I don’t know why fate brought us together so soon, for neither of us are finished growing. You are still so small and fragile; I am still preparing myself to be your mom. I planned to read a few more books and learn how to crochet before you were born. Daddy planned to take me on a babymoon. I wanted to get your room ready; Grandma was supposed to show me how to fold crib fitted sheets. Oh, and then the business of the baby shower. I was going to wear yellow and show off my baby bump to all of our family and friends. All of that seems so unimportant now, so petty, and possibly even unnecessary.
I am not quite sure you are going to live.
Mommy is scared to death about it. I went into labor way too early. Everything happened so fast, I could barely process it all. First there were contractions, then bedrest, and then “never mind Mom, we can’t wait any longer”. The doctors asked if I wanted them to try and save your life. Definitely. Is there another option? Yes!
From the delivery room they took you away so quickly. I barely got to see your face. They placed you on my chest just long enough for me to see how amazing you are. Oh, how I love you so. Losing you would feel impossible. I really want to be your mother.
You are no longer in the comfort and sanctity of my womb; you are nestled sweetly in an incubator in the NICU. There are tubes and machines everywhere. Your organs and processes did not get a chance to develop all of the way. The doctors tell me that you are very sick. How completely heartbroken I am about that. I have been praying and hoping for you since I learned that you were coming into the world. Trying not to blame myself now. But God knows, I wish I had done so many different things differently. I am afraid I may have failed as your mother.
I believe it was that latte. Or, the yoga class I took last week. Maybe it was that sip of soda I just could not resist. Either way, my body betrayed me. It had one job: to carry you for 36 to 40 weeks. We didn’t make it. Our family says that women miscarry all of the time. I should be glad it happened late enough into my pregnancy to save you. I know it’s true, but try telling my momma heart that.
Maybe in time I will no longer feel the weight of this guilt. The guilt weighs ten times more than you do. My father, your grandpa, said I have forever to question my parenting. Everyone has been trying to make me laugh.
I don’t feel like laughing. I cry the moment they leave my room. I cry a river of tears.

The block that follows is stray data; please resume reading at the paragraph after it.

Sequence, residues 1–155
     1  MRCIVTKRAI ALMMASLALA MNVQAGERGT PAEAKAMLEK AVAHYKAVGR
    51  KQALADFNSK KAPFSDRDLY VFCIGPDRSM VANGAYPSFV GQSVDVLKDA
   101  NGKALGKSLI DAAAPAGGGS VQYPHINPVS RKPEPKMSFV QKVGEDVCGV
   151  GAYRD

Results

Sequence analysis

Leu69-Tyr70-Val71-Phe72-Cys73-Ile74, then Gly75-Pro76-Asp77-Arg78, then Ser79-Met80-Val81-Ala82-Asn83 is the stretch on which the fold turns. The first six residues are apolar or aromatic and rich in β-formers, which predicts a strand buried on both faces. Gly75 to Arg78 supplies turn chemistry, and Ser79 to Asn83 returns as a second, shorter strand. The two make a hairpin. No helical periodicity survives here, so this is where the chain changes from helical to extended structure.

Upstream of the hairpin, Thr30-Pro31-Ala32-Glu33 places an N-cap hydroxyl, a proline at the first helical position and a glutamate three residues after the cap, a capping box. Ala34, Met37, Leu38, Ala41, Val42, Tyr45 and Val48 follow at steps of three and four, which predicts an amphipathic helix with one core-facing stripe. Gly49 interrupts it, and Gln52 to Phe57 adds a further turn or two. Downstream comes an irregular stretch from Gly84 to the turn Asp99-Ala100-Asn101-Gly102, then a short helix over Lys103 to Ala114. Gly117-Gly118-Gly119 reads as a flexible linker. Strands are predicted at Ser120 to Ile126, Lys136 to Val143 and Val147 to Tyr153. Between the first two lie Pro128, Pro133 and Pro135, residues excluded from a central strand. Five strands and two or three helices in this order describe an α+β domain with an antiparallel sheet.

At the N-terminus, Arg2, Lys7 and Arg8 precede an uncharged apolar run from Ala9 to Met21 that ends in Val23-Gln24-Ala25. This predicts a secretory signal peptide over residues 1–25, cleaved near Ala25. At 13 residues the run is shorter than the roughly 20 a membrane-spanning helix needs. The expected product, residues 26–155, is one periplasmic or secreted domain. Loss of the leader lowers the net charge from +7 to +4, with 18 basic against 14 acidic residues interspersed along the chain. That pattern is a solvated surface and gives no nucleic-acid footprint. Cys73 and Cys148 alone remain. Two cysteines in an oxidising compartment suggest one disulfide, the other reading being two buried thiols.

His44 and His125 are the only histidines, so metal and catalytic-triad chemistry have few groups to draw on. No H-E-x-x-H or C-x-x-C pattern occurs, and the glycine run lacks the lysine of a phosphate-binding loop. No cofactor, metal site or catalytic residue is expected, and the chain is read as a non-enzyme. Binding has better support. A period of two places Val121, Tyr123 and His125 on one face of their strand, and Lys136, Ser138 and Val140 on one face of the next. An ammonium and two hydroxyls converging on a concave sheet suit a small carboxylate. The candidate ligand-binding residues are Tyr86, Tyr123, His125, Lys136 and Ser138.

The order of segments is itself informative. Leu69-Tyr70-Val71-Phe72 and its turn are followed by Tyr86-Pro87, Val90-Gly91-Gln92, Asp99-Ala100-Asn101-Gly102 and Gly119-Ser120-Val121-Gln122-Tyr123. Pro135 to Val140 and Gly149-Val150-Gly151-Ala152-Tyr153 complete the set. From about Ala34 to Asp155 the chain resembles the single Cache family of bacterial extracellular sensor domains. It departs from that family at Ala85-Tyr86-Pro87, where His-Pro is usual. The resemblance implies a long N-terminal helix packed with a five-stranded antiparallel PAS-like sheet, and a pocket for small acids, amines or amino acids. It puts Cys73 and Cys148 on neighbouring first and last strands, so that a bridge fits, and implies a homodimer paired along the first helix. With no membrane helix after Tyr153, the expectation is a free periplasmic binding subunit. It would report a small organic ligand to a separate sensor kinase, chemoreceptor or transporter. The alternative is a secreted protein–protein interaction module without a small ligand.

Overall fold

It took me quite a while to come and sit by your side. The nurses insisted that I rest first, and they told me to prepare to wait a few hours before you and I were to be reunited. I was in so much physical pain from the trauma of your delivery and scared to fall completely in love with you, so the time was needed.
I got myself together, and now I am here with you. Immediately it all disappears. You wave a tiny hand as if you are calling for me to take it. Your spirit talks to me, and makes me feel like everything will be OK. My faith is being tested beyond measure, and I am trying everything to believe. For months, this will be our home. It is hard to accept that you are going to be here for a while. They say that it will be touch and go, ups and downs. A rollercoaster. Certainly not the life for you I planned. I wonder if you will feel any sorrow. Are the tubes keeping you alive uncomfortable? Just suppose it doesn’t turn out right? What would my momma heart do?
The nurses immediately start taking care of me, telling me how many one pound and two pound babies they’ve sent home over the years. They let me know that even though it’s new to me, premature birth happens every day. And whether you live five hours or five million years, it is most important that you know love.
I hope you know how much we love you. I hope you can feel how much I need you through the glass.
Well my dear, our journey has begun. Let’s vow to take it day by day, hour by hour. I will rarely leave your side. Daddy will play with you through the hand spaces of the glass and tell you how proud he is of you. I will try and make this NICU comfortable. I will hold you like a kangaroo and tape my voice singing lullabies so that you’ll know you’re mine even when we are away. I will pray and I will pump and I will believe. I will believe in miracles.
We will thank God for every single breathe you take, assisted and on your own. And there is nothing you will do that we will take for granted. For you, my dear, have awoken something fierce in me. You have taught all of us who love you, it’s the little things that matter. You taught us the true meaning of life on the day you were born. You are already our hero. Now all you have to do is hold on.
My little fighter you are already stronger than we thought. Mommy and Daddy will be right here.
Please keep fighting.
Please hold on.